How Are We Doing?.

Dominic Ralfs – Senior Consultant

After the ‘bad news’ in my last blog, let me try to cheer you up with my favourite subject: food, or rather, cooking.

Many of us will have offered to prepare somebody a special meal and then been horrified when confronted with the mountain of ingredients, the endless recipe and the complicated instructions before ringing the local bistro in panic and begging for the best table.

Looking at the requirements of General Data Protection Regulation (GDPR), you might feel a similar sense of foreboding. However, if you break it down and tackle every part of this legislation in bite size chunks before the 25th of May 2018 then, like your cooking task, it becomes a lot less daunting and much more manageable.

So what effect will GDPR have on London and other insurance markets? The answer is, not too much if it’s done in a timely, ordered and supported process.

At the beginning of June, Pro held a GDPR seminar for 30 people from interested parties. One of the conclusions drawn from the very lively discussions was that company boards in the main are supporting the implementation of GDPR, but one of our real-life statistics showed less that a quarter fully agreed that GDPR had been sufficiently communicated across their business.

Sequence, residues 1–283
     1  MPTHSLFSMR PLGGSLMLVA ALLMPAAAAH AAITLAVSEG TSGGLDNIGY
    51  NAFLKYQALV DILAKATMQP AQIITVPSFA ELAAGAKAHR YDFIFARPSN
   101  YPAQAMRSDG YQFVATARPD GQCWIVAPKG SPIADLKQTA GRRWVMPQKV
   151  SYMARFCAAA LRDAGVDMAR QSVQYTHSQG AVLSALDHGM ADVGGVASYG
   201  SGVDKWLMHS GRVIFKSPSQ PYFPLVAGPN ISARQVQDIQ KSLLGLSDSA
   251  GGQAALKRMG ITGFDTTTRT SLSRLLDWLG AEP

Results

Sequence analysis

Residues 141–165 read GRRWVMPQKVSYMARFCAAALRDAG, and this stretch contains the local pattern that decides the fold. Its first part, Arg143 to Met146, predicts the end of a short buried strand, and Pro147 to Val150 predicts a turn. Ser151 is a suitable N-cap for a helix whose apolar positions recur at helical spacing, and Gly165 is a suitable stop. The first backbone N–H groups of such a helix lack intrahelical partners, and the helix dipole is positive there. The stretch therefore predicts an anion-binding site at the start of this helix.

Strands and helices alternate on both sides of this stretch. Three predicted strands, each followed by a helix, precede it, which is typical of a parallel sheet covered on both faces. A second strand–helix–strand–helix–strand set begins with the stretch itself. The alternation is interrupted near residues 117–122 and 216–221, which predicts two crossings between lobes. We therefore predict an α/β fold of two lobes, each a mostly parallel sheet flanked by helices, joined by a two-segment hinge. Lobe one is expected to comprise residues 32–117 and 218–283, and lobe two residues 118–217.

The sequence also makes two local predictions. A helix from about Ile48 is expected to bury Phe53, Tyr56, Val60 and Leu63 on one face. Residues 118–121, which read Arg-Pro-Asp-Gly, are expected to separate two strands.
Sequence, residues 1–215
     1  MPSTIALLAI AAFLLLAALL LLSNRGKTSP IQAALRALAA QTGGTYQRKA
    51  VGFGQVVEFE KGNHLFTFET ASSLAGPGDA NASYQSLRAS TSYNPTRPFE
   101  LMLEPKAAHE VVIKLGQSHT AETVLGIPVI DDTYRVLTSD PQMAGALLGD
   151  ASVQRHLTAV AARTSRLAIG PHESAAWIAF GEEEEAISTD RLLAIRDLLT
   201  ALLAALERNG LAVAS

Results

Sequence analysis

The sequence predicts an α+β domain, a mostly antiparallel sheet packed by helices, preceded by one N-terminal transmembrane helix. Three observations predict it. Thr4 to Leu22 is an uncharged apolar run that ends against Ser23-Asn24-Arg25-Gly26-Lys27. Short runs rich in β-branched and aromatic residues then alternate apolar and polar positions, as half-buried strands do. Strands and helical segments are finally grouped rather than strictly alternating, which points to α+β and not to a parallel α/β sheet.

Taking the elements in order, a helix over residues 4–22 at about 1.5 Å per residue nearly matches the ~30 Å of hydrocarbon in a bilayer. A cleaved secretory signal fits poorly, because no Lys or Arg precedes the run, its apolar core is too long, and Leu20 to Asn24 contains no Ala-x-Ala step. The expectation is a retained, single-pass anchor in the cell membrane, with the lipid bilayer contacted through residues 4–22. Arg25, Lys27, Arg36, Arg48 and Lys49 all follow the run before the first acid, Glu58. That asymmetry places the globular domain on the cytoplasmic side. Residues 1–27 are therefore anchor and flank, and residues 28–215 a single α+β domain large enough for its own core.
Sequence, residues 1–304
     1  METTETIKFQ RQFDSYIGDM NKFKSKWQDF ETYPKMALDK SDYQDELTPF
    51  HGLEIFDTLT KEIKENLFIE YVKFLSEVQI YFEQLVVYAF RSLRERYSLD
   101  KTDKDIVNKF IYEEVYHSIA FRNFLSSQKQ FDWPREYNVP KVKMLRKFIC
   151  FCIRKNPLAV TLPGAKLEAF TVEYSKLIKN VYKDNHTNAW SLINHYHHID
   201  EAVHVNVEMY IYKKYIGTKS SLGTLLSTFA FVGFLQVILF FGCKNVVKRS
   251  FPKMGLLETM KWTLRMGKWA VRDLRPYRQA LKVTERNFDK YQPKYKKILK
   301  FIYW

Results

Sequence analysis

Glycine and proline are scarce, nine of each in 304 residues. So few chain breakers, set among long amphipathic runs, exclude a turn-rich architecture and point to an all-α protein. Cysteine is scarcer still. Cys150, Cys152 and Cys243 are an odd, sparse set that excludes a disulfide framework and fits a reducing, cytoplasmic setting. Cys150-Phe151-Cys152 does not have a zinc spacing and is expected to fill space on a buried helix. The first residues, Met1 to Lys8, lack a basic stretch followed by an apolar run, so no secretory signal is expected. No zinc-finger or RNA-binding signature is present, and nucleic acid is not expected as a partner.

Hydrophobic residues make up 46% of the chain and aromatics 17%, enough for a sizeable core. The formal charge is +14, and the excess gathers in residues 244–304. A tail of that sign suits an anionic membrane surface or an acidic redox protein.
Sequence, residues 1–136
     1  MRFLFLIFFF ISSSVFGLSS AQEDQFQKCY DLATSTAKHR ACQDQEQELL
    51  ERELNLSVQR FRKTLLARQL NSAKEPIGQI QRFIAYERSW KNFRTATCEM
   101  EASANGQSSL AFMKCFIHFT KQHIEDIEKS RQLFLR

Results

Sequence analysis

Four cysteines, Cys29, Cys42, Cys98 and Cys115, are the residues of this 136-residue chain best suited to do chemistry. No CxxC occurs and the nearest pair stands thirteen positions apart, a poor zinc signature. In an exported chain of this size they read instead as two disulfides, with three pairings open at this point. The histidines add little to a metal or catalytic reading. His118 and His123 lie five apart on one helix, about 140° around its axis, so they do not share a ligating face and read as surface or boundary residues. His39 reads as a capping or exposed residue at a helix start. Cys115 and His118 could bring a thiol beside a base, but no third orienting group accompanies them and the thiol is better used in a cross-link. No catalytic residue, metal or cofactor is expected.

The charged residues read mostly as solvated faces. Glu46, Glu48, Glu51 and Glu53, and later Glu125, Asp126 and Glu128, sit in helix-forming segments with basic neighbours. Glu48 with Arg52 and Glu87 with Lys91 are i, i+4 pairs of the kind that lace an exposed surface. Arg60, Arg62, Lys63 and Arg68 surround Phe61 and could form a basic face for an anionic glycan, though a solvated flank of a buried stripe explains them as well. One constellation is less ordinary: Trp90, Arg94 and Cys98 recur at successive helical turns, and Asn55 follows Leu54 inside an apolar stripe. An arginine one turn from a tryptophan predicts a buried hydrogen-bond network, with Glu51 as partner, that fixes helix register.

Despite this, I don’t feel that the London market is lagging behind other sectors but it’s clearly not on top of GDPR as much as it could be.

Underwriters and brokers need to engage in mapping the different parts of their businesses, conducting a data inventory to ascertain the size of the challenge to fully comply with GDPR, and then prioritise the tasks ahead.

We have suggested that the key industry specific tasks within the data supply chain are, in order:

  1. board approval (including communications),
  2. establish GDPR team,
  3. prepare,
  4. implement,
  5. review,
  6. revise.

By the beginning of this month we would expect underwriters and brokers to have completed the first three tasks leaving them with implementation (July to end of December) for review, revision and embedding the principles by design and default (January 2018 onwards).

Any breaches will be monitored by the UK Information Commissioner’s Office (ICO) and, despite the best planning, its likely your company will have a data breach. But, in my opinion, if you can show the requisite policies and processes are in place and that you have done everything to adhere to GDPR, then you shouldn’t have much to worry about. The ICO is taking this seriously; indeed, according to an article in Reactions Magazine on 19th June, it has already held preliminary discussions with insurers concerning the possibility of sharing cyber security breach data.

There is also one ‘London-ism’ that everyone needs to be conscious of – who owns the data? The data controller (usually the underwriter but, in this case it’s likely to be multiple parties) must ensure their element is compliant. As data passes through the chain from broker to underwriter to reinsurer, each needs to demonstrate their adherence to GDPR.

So, keep calm, treat GDPR like a cooking recipe and, as with the applause that follows the production of a good meal, the satisfaction of a job well done will be remembered long after the washing up has been put away. Bon appétit!